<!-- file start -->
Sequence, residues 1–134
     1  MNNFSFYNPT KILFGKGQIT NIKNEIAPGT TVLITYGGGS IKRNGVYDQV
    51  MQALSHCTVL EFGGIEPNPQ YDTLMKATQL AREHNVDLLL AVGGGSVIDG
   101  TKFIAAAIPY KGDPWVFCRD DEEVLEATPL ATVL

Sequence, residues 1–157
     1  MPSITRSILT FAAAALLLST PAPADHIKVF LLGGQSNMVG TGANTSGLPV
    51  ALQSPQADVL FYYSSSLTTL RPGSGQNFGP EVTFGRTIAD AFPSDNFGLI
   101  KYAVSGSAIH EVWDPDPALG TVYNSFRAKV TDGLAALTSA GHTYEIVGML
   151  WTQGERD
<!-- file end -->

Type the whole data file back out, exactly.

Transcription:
Sequence, residues 1–134
     1  MNNFSFYNPT KILFGKGQIT NIKNEIAPGT TVLITYGGGS IKRNGVYDQV
    51  MQALSHCTVL EFGGIEPNPQ YDTLMKATQL AREHNVDLLL AVGGGSVIDG
   101  TKFIAAAIPY KGDPWVFCRD DEEVLEATPL ATVL

Sequence, residues 1–157
     1  MPSITRSILT FAAAALLLST PAPADHIKVF LLGGQSNMVG TGANTSGLPV
    51  ALQSPQADVL FYYSSSLTTL RPGSGQNFGP EVTFGRTIAD AFPSDNFGLI
   101  KYAVSGSAIH EVWDPDPALG TVYNSFRAKV TDGLAALTSA GHTYEIVGML
   151  WTQGERD